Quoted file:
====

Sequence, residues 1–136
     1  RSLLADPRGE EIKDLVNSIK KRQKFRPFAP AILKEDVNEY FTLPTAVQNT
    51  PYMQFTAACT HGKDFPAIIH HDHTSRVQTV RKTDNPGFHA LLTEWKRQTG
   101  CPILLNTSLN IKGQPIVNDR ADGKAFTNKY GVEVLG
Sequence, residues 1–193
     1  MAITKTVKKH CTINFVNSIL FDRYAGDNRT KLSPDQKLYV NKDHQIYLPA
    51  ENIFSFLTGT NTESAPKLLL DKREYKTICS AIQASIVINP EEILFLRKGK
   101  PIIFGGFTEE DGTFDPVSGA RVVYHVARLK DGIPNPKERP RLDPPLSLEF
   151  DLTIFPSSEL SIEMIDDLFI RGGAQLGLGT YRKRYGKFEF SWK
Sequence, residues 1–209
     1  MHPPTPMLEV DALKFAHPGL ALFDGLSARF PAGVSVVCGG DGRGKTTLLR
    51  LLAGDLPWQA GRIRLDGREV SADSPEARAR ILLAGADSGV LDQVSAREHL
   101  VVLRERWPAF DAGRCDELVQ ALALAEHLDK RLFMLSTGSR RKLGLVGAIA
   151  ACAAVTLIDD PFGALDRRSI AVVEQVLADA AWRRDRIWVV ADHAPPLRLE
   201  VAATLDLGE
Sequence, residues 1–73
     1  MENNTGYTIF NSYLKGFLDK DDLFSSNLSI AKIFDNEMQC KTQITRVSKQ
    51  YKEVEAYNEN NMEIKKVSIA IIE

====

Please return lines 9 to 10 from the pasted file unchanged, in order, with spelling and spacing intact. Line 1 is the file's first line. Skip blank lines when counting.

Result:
   151  DLTIFPSSEL SIEMIDDLFI RGGAQLGLGT YRKRYGKFEF SWK
Sequence, residues 1–209